When Thomas More resigned the office of chancellor in May of 1532, he departed from the government with the understanding that he would refrain from aiding or encouraging opponents of royal policy. This pledge was honored, but when events late in 1533 propelled Elizabeth Barton, the Nun of Kent, into prominence, More was not able to avoid the consequences of his association with her and became suspect of treason under provisions of new legislation being drafted by Thomas Cromwell.
The Adornes, a Genoese merchant family prominent in late fifteenth-century Bruges, exhibited a particularly devout attachment to the sites of the Holy Land, manifested in the Jerusalem pilgrimages of three sequential generations of Adornes men and through the construction of the extraordinary family chapel, the Jeruzalemkapel, a conceptual Jerusalem in miniature that served the family in Bruges: a domestication of the Jerusalem pilgrimage experience.
Margaret More Roper, daughter of Sir Thomas More, was well known in her own day for her facility with Latin and Greek. Although most of her writings are no longer extant, two compositions still exist: a translation of Erasmus’s Precatio dominica of 1524 and the Alington letter of 1534. Critics generally read these works as evidence of Roper’s submission to More’s patriarchal control, primarily because neither text demonstrates a literary voice distinct from the agendas of her father.
During the Flacian controversy over the definition of original sin (1560s–70s), a doctrinal debate took place that proved to be foundational for Lutheran theology: a number of the laity from the central German territory of Mansfeld wrote confessions in which they articulated their views on the matter. The mere existence of these statements from the likes of counts, city officials, artisans, and laborers raises the question of lay participation in the doctrinal controversies of the latter sixteenth century, a question rarely asked by historians.
Frederick the Wise was a leading patron of the visual arts in the early decades of the sixteenth century. This essay examines the Saxon elector’s choice of St. Bartholomew as his holy protector and promotion of the martyred saint in painting and the graphic arts as a leading intercessor for the Christian faithful. Frederick’s personal devotion to St. Bartholomew is examined as a microcosm of the apostle’s cult following on the eve of the Reformation. St.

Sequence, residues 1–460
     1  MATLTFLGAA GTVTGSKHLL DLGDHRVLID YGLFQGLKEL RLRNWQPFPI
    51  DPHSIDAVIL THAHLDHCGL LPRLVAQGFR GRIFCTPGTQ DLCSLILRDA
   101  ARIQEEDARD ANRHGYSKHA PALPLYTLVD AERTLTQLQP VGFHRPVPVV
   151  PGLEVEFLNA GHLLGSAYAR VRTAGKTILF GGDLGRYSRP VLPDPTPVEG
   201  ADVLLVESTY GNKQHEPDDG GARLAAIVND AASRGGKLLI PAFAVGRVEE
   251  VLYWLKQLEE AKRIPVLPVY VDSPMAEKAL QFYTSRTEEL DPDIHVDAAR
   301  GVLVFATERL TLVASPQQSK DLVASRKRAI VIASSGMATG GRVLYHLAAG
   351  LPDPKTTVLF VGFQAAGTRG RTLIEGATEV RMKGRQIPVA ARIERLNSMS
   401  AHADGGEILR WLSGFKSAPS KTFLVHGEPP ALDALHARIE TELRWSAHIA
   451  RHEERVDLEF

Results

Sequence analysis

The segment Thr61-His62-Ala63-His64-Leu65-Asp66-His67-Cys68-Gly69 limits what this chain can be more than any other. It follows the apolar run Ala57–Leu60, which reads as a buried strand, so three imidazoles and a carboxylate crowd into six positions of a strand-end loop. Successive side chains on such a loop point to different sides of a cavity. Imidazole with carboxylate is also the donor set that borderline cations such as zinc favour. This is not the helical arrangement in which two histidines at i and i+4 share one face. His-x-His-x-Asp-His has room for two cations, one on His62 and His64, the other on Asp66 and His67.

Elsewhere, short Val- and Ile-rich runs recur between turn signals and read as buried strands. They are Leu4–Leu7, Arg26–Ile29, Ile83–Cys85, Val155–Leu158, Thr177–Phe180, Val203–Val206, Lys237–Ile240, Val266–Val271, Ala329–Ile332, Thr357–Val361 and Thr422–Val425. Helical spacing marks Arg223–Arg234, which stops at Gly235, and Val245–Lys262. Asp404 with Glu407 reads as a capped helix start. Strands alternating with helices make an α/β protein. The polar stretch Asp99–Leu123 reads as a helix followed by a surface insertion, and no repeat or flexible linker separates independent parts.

One of Sebastian Franck’s central organizing concepts is rooted in his understanding of the term böfel, or the mob. Though not much noted in literature on Franck, his reflections on the term provide a central perspective around which he develops his distinctive vision of history and the desperate circumstances of human societies and individuals. The article lays out the structure of his social thought by investigating the development and deployment of this word within his writings.
The fierce debates about the Eucharist during the Reformation era highlight a central tension between individuals’ desire to secure confessional purity and their instinct to protect the communal nature of Christian worship. Preserving confessional coexistence required balancing these forces, often by expelling nonconformists or driving them underground. Instead, civic leaders in sixteenth-century Wesel demanded that residents of all confessions attend communion together.
This article argues for the historical significance of the career of James ap Gruffydd ap Hywel, a gentleman from south Wales who was the first lay subject of Henry VIII to go into foreign exile as an opponent of the king’s break with Rome and repudiation of Queen Catherine. It examines James ap Gruffydd’s movements around Wales, Ireland, Scotland, and continental Europe in the 1530s and 1540s, as well as his network of supporters and allies at home and overseas.